INS is one of five major scientific research institutes in Puławy – a number that is unique in Poland for such a small town (it has fewer than 50,000 inhabitants). A new addition to the already-strong local research cluster is the Puławy Science and Technology Park, which was opened in May 2012, and contains more than 12,000 square metres of office, production and lab space. INS has two labs there, including the only lab in Poland researching and producing biodegradable materials.
If Puławy has carved out a reputation as a centre for science and research that belies its actual size and its pastoral setting, this would not be possible were it not for its close proximity to the larger city of Lublin, the capital of the voivodeship which shares its name.
Less than an hour’s drive from Puławy, Lublin is a charming city of 350,000 inhabitants with a castle and beautiful medieval old town. It is also an academic city, with nine universities and colleges hosting nearly 90,000 students each year, many of them in technical disciplines.
Lublin offers another advantage on which Puławy, and its SEZ, can draw: an airport. Lublin province is luckier than other parts of eastern Europe (see story on page 55), many of which suffer from poor connectivity. The city also has direct train service from Warsaw, which is not the case for some other eastern Polish cities of comparable size, and a new bypass road should improve ground transport. Lublin airport opened in December 2012, and served roughly 200,000 passengers in its first year of operations. Some 300,000 are expected this year. Hungary-based airline WizzAir is to set up a base at Lublin in the third quarter of 2015, which will bring more flight options.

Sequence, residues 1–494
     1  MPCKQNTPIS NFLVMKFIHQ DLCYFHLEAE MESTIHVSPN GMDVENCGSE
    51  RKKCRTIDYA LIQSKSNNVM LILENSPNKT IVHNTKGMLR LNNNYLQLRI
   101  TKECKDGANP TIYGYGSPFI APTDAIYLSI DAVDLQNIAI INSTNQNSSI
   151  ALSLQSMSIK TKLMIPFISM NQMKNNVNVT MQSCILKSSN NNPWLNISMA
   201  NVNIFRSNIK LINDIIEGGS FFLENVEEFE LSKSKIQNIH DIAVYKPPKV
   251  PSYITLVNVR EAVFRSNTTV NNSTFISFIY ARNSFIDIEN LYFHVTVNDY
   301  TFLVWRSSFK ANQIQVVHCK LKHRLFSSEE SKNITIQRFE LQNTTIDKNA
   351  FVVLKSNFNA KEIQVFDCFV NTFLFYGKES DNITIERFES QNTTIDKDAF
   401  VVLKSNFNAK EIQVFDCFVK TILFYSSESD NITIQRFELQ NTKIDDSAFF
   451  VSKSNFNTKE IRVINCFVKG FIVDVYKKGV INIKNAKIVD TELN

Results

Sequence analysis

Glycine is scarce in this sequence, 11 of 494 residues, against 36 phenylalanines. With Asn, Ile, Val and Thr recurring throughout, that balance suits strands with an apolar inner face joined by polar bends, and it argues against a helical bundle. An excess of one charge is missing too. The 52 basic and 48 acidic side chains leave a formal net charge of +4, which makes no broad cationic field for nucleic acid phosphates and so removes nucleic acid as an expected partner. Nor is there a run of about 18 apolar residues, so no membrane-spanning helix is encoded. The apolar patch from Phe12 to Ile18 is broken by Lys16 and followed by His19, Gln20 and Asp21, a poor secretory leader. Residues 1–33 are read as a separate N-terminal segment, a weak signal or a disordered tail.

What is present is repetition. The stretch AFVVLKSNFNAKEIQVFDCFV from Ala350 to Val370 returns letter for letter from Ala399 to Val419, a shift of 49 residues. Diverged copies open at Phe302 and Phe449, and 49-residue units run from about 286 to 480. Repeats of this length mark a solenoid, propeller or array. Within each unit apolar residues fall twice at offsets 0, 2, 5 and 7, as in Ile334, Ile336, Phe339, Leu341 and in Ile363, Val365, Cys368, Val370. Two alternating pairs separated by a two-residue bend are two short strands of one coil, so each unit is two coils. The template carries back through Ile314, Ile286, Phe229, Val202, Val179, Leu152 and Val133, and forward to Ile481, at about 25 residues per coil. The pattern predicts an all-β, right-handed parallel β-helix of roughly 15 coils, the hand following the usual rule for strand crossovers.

The airport has been a boon to Lublin’s own SEZ as well, providing tenant companies with easier access to European locations. The 'Lublin subzone' of Euro-Park Mielec was set up in 2007 and occupies 116 square kilometres near the airport and bypass.
ABM Greiffenberger, a German supplier of drive solutions for machinery, equipment and mobile devices, was attracted to Lublin in part because of this enhanced connectivity. Three years ago, the company decided to shift some of its production from Germany to central or eastern Europe.
Robert Bronisz, director of the ABM Greiffenberger Lublin plant, says the company was attracted to being in an SEZ location and was eyeing sites elsewhere in Poland and in neighbouring countries, but what helped swing it for Lublin was the labour cost competitiveness, the roads and facilities, and the prospect of the airport opening. But more important was the availability of skilled workers. “The biggest advantage here is the huge market for employees, and the universities providing graduates with technological backgrounds. We could find all the workers we needed here in the local workforce,” he says.
Production started in ABM Greiffenberger's new 11,000-square-metre facility in January 2015, with 130 employees and counting, and so far it “has exceeded expectations” for productivity, according to Mr Bronisz.
Despite such positive reviews, Dr Mariusz Sagan, a director at the Lublin City Hall's department of strategy and investor services, says the Lublin economy has slowed lately and is not on par with national growth. It is not clear what has caused the dip, but investment promotion is certainly part of the solution and these efforts continue apace. The city is counting on the flow of investment to continue. A Lublin business district is being built, offering 100,000 square metres of new office space, with the first phase ready by 2016, and the SEZ subzone is to be expanded to up to 200 square kilometres within the next few years.
A new arrival on the local business process outsourcing and IT outsourcing scene has brought optimism: MTBC, a healthcare IT company, bought a company with a small Lublin presence and reportedly intends to increase staff numbers from 20 to 100 by the end of the year.
“There is new interest in setting up IT facilities here. I think we will be very strong in this sector in the coming years,” says Mr Sagan. The flow of investment, he says, “is a river, not a stream”.